3.3 Spelling in quoted material
Canadian editors encounter a particular challenge when it comes to spellings in quoted material.
The major American style guides call for leaving spellings in quoted material as they were in the original document rather than changing them to match the style of the new work in which the quote will appear. However, these rules arise from the publishing context of the United States, in which variations in spelling are relatively rare and the reason for them is usually clear to readers (for example, context frequently alerts the reader of an American text when quoted material is British). In Canada, the problem is encountered much more frequently, and its manifestations tend to be less clear-cut. For example, a Canadian book on the elderly might easily include not only passages from American sources discussing “aging” right beside quotes from British experts expounding on “ageing,” but excerpts from multiple Canadian documents, some of which use one spelling and some the other. Even two quotations from the same author’s work might use different spellings because they were originally published in different journals.
As a result, in some Canadian publishing contexts, editors do restyle the spelling of excerpts and quotations to match the style of the main text. The practice may be justified on the grounds that the decisions on spelling style in the quoted material were in all likelihood made by an editor, not the author. Such changes can also be seen as comparable to the minor alterations to typography, capitalization, and punctuation that are standard in all major English-language styles (such as converting French guillemets around a quote to standard English quotation marks, or changing the initial letter of a quotation from capital to lowercase to fit the context in which the quotation appears). Furthermore, the strictness with which original spellings are to be preserved varies even among American style guides: most suggest silently correcting obvious typographical errors (unless their inclusion is important to the point being made in the text); some condone modernizing archaic spellings to make them comprehensible to modern readers; some accept Americanizing British spellings in, for example, elementary school texts.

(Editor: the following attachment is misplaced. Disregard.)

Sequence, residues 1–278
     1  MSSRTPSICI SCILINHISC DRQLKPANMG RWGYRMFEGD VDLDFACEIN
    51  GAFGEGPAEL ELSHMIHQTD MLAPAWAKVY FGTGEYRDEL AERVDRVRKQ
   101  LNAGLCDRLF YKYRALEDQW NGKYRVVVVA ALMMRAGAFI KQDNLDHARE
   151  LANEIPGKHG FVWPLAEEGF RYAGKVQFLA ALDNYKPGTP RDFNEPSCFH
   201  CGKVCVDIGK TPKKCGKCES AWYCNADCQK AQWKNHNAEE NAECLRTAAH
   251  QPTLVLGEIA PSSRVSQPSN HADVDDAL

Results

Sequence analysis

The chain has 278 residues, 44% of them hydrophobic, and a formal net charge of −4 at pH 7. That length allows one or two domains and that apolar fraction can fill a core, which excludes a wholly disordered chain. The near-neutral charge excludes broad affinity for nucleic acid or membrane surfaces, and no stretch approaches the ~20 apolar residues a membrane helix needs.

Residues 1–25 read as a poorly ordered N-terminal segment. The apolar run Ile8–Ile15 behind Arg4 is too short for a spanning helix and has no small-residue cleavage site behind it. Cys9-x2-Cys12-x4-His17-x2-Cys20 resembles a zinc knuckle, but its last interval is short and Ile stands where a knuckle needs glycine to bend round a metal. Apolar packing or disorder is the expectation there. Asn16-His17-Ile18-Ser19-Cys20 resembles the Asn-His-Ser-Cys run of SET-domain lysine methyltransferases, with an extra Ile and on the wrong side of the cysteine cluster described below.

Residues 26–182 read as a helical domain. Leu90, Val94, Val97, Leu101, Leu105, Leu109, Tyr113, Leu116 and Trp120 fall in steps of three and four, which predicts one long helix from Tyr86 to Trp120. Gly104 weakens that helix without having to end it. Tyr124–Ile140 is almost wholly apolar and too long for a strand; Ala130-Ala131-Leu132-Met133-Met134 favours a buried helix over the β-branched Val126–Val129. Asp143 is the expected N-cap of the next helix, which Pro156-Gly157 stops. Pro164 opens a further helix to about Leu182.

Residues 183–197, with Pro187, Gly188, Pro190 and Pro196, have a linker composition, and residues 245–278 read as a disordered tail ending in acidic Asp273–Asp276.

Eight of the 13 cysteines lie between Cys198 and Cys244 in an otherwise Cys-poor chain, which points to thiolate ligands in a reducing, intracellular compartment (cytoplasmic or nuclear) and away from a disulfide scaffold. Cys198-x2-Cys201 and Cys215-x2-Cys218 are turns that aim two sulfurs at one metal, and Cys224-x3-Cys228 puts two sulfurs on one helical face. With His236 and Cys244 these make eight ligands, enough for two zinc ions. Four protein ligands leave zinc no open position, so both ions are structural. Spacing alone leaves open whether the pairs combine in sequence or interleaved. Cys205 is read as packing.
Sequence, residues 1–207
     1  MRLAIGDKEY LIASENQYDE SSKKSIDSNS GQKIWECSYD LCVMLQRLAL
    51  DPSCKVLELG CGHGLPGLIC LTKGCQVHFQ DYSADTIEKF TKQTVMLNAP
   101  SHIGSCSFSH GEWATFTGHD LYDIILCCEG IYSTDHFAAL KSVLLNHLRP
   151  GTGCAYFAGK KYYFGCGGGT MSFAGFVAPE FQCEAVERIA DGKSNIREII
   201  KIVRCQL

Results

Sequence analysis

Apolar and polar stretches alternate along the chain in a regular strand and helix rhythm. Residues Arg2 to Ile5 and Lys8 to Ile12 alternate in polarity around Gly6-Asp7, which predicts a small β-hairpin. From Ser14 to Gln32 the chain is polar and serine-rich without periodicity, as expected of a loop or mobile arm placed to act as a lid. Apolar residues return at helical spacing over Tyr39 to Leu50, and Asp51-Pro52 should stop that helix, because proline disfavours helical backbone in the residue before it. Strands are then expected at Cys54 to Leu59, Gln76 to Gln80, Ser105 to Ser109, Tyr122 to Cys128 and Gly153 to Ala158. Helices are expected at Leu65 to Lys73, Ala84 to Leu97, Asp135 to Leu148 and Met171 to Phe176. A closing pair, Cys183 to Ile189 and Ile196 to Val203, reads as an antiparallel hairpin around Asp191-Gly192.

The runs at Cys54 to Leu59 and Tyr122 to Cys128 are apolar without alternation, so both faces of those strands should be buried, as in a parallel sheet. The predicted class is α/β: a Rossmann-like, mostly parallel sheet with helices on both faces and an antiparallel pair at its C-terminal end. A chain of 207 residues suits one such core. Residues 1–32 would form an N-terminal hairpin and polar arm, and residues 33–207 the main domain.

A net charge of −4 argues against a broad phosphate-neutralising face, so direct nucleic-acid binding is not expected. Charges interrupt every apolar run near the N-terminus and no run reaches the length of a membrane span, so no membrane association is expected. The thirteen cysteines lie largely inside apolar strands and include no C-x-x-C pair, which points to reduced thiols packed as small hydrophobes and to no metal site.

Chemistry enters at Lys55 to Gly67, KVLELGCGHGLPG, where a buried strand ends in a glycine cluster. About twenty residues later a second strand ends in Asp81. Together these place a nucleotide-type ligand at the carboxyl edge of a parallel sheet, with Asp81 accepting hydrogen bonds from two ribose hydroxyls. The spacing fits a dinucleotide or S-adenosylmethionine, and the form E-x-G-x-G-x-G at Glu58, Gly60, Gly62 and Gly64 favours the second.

There are few published style guides specific to the Canadian context (hence the need for Editing Canadian English). Those that do exist are largely silent on the issue, although The Canadian Press Stylebook treats editing spelling style in quotations as a matter of course: “Make only cosmetic changes to quotations from a text: changing spelling and capitalization to Canadian Press style, for example, or fixing typos and other small errors in spelling and punctuation.”
Some Canadian editors, however, believe it inappropriate to ever alter spelling in quoted material. The topic is one on which reasonable professionals can and do disagree.
As with all editorial issues, context matters: academic publications are likely to have a policy of leaving quoted material untouched, whereas trade and educational publishers are more likely to give their editors leeway to edit for consistency depending on the subject matter, the intended audience, and the quantity of quoted material.
We recommend that if any alterations are made to quoted material, that fact be acknowledged: for example, by including the statement “Material quoted from published sources has been copy edited to conform to the style of the text.” Such a statement could be placed in a preface, at the start of a “Works Cited” list, in a footnote, or between parentheses or brackets immediately following the first altered quotation.